The Third Sunday After the Pentecost, Year B
[Texts: Genesis 3:8-15; Psalm 130; II Corinthians 4:13-5:1; Mark 3:20-35]
Like the Watchman
Please pray with me:
O Lord, take my lips and speak through them;
Take our minds and think through them;
Take our hearts and set them on fire with love for Thee. Amen.
There are a few categories that Old Testament scholars use to group Psalms together by the themes that show up in them.
the Psalm we heard this morning is an example of what scholars like to call a “psalm of lament.”
(Basically, those are the ones that were written from a place of despair and grief.)
And if you read Psalm 130,
you can tell right away
that it was indeed written from just such a place.
Listen to the ache in his words: “Out of the depths I call unto You, O Lord!”
And yet, he’s still writing a Psalm, isn’t he?
We don’t know exactly what he has going on in his heart,
but we know that he is desperately reaching out and crying out to God,
begging God to reveal Himself in the midst of this crisis.
Now look at verses five and six:
I wait for the Lord, my soul waits,
and in His Word I hope;
my soul waits for the Lord
more than the watchmen watch for the morning,
more than the watchmen watch for the morning.
Before we had high-tech security systems, cameras, burglar alarms, and things like that, cities and towns were kept safe by watchmen.
Basically, there were these tall towers– watch towers– placed in strategic spots along the city wall,
and it was someone’s job to sit in those watch towers,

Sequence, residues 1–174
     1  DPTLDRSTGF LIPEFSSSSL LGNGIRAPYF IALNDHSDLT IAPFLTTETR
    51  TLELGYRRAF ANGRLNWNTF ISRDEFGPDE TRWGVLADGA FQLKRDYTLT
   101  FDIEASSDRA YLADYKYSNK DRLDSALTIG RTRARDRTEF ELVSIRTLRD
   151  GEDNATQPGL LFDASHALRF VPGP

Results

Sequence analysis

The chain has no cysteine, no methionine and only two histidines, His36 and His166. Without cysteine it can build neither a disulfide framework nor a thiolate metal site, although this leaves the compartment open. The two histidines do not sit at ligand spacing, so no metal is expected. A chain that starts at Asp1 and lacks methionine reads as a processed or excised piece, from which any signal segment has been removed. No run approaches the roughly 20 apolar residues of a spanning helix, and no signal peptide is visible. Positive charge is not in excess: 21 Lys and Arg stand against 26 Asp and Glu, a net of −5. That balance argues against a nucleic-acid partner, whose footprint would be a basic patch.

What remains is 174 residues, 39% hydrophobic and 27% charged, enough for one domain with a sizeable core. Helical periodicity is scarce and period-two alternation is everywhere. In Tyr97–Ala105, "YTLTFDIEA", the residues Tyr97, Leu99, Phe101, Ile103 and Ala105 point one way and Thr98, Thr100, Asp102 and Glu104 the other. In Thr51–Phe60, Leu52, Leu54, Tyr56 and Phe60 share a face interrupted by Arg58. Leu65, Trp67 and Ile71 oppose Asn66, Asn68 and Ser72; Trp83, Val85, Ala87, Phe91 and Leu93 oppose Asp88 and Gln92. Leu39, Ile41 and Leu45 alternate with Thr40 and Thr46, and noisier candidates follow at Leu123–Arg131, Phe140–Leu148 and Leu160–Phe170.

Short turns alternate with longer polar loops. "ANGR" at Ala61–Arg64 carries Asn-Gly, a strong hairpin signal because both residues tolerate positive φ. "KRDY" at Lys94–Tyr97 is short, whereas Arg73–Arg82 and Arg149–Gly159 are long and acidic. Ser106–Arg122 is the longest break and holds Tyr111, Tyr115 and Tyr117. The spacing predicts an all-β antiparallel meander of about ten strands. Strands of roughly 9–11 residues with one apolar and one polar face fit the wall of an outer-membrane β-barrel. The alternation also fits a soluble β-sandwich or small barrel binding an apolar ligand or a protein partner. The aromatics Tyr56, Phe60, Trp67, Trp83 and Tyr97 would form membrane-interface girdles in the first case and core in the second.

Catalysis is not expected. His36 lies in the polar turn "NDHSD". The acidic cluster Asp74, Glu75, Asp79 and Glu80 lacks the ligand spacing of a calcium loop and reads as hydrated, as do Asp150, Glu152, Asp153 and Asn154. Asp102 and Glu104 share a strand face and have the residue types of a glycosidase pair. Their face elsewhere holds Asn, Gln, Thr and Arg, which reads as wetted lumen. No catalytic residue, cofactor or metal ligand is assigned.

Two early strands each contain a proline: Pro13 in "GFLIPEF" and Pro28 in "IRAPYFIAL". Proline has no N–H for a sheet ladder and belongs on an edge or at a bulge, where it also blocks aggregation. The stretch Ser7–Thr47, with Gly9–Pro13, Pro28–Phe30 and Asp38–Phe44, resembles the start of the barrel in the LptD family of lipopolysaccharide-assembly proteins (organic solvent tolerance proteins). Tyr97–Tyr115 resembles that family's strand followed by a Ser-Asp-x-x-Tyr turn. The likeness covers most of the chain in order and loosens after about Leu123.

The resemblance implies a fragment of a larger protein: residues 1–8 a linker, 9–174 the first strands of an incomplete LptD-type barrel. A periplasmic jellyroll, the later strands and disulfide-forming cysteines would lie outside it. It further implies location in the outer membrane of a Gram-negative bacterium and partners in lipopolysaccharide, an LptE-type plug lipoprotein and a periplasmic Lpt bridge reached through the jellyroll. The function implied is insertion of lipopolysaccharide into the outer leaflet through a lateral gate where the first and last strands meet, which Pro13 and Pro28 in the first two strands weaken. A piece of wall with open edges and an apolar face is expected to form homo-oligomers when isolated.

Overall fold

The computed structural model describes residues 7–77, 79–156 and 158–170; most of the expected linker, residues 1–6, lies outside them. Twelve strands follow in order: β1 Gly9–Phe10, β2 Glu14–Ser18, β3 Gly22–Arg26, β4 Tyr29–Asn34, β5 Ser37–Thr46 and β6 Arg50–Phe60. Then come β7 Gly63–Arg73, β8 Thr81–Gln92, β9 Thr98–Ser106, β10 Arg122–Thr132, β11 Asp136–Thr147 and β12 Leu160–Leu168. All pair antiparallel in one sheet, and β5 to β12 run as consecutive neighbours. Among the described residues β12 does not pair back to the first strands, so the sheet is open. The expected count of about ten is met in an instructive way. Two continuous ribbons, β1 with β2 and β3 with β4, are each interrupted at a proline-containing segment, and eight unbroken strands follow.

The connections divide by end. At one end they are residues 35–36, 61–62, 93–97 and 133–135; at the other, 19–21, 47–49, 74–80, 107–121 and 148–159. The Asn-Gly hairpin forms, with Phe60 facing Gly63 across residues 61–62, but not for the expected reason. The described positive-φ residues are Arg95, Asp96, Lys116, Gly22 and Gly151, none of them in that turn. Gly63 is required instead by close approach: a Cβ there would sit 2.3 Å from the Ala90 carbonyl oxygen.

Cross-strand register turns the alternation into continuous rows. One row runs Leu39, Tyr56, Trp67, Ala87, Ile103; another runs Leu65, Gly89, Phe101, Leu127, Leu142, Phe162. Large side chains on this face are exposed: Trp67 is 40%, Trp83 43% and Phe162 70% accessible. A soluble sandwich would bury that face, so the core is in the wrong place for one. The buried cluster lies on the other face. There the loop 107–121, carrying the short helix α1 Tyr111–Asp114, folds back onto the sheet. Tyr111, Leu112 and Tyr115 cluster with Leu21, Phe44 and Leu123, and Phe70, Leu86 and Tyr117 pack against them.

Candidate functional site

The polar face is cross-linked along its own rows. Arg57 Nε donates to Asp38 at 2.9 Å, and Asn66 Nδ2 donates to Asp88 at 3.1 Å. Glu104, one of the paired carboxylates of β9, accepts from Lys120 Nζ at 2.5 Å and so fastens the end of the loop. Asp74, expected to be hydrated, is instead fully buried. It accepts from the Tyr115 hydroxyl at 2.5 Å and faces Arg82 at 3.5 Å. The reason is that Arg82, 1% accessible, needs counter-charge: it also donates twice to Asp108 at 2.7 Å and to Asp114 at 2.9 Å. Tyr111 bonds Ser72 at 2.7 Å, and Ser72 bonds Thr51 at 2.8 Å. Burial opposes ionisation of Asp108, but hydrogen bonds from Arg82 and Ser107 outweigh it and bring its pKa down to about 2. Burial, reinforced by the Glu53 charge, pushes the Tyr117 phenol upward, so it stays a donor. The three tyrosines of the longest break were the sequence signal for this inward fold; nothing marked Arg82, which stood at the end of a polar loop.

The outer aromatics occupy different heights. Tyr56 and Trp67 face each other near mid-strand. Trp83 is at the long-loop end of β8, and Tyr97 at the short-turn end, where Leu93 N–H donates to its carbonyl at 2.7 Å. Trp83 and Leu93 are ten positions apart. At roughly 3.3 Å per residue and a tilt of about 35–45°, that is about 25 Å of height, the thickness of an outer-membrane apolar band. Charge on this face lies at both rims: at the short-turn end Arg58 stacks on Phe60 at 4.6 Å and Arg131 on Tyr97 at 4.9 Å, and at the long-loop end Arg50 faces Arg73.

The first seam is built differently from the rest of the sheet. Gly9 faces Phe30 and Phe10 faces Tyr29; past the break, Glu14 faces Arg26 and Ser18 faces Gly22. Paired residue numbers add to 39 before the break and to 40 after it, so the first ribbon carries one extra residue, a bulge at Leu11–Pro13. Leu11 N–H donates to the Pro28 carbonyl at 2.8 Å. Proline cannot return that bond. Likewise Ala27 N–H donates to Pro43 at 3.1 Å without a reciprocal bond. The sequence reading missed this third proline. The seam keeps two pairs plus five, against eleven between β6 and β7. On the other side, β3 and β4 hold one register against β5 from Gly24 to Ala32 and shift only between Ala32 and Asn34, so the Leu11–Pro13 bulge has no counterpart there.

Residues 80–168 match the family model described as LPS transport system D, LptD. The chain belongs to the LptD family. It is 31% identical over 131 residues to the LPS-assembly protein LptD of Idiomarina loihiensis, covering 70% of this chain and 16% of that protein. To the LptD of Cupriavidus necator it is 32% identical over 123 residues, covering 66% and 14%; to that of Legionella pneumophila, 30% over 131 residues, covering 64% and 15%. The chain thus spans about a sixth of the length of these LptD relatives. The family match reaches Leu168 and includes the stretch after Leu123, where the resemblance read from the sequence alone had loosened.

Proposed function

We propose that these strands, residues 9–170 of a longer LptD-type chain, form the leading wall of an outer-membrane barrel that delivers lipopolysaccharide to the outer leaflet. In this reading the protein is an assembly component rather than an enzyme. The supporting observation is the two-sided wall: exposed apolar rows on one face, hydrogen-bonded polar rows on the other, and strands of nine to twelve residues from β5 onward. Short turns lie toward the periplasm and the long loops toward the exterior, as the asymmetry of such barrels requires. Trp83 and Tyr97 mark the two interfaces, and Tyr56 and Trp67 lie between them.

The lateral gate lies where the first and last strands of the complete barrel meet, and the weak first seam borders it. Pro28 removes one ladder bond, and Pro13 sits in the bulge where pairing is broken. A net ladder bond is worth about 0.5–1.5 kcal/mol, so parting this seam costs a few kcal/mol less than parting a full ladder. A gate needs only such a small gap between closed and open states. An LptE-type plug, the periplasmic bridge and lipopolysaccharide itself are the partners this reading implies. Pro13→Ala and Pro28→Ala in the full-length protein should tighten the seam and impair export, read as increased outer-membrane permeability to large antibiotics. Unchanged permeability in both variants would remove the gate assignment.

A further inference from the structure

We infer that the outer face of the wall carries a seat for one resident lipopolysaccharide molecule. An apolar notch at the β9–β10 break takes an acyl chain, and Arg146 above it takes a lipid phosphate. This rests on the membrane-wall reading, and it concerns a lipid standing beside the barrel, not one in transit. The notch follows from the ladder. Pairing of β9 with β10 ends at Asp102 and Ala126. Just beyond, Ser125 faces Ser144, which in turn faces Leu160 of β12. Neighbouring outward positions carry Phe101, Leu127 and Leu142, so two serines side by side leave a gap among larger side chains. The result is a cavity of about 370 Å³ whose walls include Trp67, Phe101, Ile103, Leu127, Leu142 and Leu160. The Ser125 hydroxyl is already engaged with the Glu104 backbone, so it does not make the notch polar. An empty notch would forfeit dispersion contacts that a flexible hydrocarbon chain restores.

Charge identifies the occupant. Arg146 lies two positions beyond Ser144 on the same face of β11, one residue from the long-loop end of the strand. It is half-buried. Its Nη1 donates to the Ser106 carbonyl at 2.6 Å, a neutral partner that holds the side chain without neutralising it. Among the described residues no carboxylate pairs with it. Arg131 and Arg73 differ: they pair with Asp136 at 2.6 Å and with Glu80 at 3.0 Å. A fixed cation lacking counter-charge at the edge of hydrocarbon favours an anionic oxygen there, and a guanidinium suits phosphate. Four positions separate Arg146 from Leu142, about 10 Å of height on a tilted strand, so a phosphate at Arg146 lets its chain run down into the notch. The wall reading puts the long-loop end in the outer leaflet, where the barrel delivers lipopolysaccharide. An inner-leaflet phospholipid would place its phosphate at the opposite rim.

generally armed with a bow and arrow,
and make sure nothing suspicious was going on.
Much like security guards nowadays, watchmen would take shifts.
Some watchmen worked during the day, and others worked at night.
It might be kind of cool to be a watchman who worked during the day.
You know, you’d be up high and you could see everything,
and you could watch the daily life of the city
from a vantage point almost no one else had ever seen it from.
I couldn’t imagine being a night watchman, though.
That might be in part because I’m a card-carrying morning person,
and I get cranky just thinking about having to stay up past 10 PM.
But I also think it would be kind of boring to have to keep watch all night.
Sure, every once in a while you’d have to deal with a situation,
but for the most part,
you’d just be sitting there
in the dark
for hours on end.
That doesn’t sound like very much fun.
Plus, it would be really hard not to fall asleep on the job.
But there were people who were night watchmen– that was what they did for a living.
They kept vigil over the city while everyone else was sleeping.
They sat in the darkness,
waiting patiently for the sun to come up
so they could go home and get some sleep themselves.
A watchman waiting on the dawn isn’t wondering whether the sun will rise,
or curious to see whether it will happen.
That was the one certainty in that line of work:
the sun would rise,
and a new day would dawn.
So, when the Psalmist says,
“my soul waits for the Lord, more than the watchmen watch for the morning,”
he’s not talking about a theoretical possibility–
maybe God is with me,
perhaps He will redeem my experience of grief and suffering,
I wonder whether I should continue to hope–
He is saying that God’s presence is,
to borrow a phrase from Beauty and the Beast,
“certain as the sun rising in the east.”
He knows that God is there
not only in our joy and comfort and security,
but also in the seasons of our lives
that make us want to scream,
“Out of the depths I cry to You, O Lord;
Lord, hear my voice!”
It’s a tale as old as time, truly:
But we know how the story ends.
We know how things turn out.
The cold, dead, barren grasp of winter
gives way to the first green shoots of spring.
The agony of the crucifixion,
becomes Easter triumph and Easter joy.
And in the darkest, longest night of our souls
we can rest assured–
even more so than the night watchman
who sits on the wall night after night–
that light will break through.
So, dear Christian,
Morning is coming.